Dinner at the resort is always in style. The staff of Club Noah painstakingly assemble tables and chairs by the shore where diners eat in between the sound of waves lapping the shore. With the horizon peppered with stars and pierced only with the comb-like moon, dining becomes romantic. Torches abound for guests to see each other’s delighted faces in the middle of a sumptuous meal. I dare say, aside from the natural beauty of Club Noah, its food is one of its strengths. Intercontinental cuisine has never been served this exquisitely!
At night, one feels like royalty while lounging on a soft bed with clean ultra linens. Just outside the verandah a big, illuminated, white cross on top of a hill oversees the whole resort. Before going to bed, one is inspired to say a prayer or two for such beauty and bountiful blessings from the Creator.
The cross remains lighted until six in the morning, a perfect time that found my friends and I kayaking in the waters slowly being drenched in the glorious rays of the morning sun. Some of us, after eating a superb breakfast dared to dive the deep blue sea. Others went canoeing, fishing, wind surfing, among other sports and leisure activities the resort offers.
Lunch is spent going on an island tour. Isla Blanca and Noa-Noa Island all the more proved to us that indeed Palawan’s bounty is untouched. White-sanded coves and islands abound in the province, proving that Palawan is also a force to reckon with when it comes to pristine, pure, and perfect place for recreation.
When it is low tide, guests of Club Noah visit caves around the area. One of the more popular caves is the Cave of St. Joseph aptly named because it resembles a statue of the saint. Another cave that is worth visiting is the Pabellon. In the middle of this cave is a deep body of water so refreshingly clean and clear but to reach this cave, one needs to pass crevices and crannies. Club Noah’s tour guides who are experts in training guests will ensure your safety. Their mantra in life is to preciously guard and guide their guests.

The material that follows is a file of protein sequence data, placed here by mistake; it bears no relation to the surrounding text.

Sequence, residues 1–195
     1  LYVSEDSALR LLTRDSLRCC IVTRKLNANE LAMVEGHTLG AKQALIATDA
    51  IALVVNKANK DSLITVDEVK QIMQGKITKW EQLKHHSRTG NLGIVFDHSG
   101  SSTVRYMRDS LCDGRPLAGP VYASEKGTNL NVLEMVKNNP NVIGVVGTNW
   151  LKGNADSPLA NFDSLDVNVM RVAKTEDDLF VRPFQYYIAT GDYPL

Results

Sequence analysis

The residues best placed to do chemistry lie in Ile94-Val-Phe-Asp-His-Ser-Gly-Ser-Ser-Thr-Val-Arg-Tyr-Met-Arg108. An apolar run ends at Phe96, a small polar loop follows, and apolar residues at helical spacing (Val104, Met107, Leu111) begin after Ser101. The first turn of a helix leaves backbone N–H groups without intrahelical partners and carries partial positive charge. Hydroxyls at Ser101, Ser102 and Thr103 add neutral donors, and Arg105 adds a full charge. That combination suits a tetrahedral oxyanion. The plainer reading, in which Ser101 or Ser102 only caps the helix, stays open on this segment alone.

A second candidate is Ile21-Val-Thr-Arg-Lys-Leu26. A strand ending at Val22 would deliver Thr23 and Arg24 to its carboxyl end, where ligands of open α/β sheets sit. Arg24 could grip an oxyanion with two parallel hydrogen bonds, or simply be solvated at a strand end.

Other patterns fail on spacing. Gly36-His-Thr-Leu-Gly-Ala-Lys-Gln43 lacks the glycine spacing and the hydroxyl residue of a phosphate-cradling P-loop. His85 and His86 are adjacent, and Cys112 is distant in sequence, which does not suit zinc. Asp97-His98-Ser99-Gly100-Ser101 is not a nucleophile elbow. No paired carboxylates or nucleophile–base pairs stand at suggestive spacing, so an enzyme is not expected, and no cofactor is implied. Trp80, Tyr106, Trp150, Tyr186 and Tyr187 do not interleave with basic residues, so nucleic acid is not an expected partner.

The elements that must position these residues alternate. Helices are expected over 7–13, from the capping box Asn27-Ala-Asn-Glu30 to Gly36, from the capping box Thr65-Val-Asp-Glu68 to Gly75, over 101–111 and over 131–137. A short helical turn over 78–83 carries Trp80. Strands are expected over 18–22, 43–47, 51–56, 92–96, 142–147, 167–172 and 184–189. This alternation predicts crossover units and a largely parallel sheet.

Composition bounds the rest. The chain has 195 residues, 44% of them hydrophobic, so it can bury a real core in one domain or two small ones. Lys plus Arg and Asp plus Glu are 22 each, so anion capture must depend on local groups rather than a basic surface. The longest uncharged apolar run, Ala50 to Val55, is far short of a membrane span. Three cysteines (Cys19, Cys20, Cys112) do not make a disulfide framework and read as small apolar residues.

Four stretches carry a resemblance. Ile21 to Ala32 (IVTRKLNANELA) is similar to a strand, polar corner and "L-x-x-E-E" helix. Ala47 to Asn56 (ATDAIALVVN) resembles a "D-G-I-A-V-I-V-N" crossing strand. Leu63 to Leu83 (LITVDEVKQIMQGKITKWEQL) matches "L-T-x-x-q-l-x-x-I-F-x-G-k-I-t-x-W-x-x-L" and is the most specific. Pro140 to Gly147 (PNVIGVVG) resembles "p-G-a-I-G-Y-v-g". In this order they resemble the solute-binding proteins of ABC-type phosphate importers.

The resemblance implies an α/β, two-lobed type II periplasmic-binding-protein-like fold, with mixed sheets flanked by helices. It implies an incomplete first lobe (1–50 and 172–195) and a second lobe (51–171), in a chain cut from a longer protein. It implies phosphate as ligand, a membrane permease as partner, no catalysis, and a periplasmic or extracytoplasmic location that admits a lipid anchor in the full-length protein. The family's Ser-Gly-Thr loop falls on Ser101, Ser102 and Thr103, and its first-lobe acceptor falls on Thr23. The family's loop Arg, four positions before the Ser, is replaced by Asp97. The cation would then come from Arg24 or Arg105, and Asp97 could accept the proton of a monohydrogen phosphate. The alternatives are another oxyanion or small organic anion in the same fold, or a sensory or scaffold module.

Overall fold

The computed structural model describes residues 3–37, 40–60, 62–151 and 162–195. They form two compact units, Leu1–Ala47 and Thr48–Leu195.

Special cocktails or dinners are also set dramatically and romantically in caves. Ours was set inside the North Cave. From the pier, just when the sun was setting, we took the speedboat that brought us to the cave in about seven minutes. Here, we were very surprised to be pampered by manager Ito Tuason who, with his super innovative staff, prepared wine and cheese for us. The cave was illuminated by many candles perched on the cave walls that resembled an image of a heart. While we clinked and clanked our wine glasses, a Club staff serenaded us with kundiman and other enchanting songs. The voice of the singer was very good and very raw that made us cry. Had Büm not taken the floor and privy us to his talent in stand up comedy, we could have been carried away by the solemnity of the place and caused a flood of tears in the cave. We left the cave just in time when high tide set in. On our way back to the resort, pitch darkness greeted us. Only the stars in their most scintillating glory guided us back to our piece of paradise.
On our last day in Club Noah, a speedboat coursed us through a bigger motorized outrigger that would bring us back to Taytay. Just when the boat was about to leave, eight kayaks surrounded us with the beautiful staff of the resort on board dressed in luau attire, serenaded us with a Palawan song. The ditty had a hint of saying adieu. It also hinted of luring guests to come back to their island paradise. We all waved good bye to them but not without promising that indeed, we shall be back to a paradise called Club Noah Isabelle.
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For more information about Club Noah Isabelle, call 844-6688, 844-6166, 844-7786 or log on to www.clubnoah.com.ph.
Asian Spirit flies to Taytay, Palawan every Monday, Wednesday, Thursday and Sunday at 7a.m. For more info, call 851-8888.
Post me a note at email@example.com
Reported by: Sol Jose Vanzi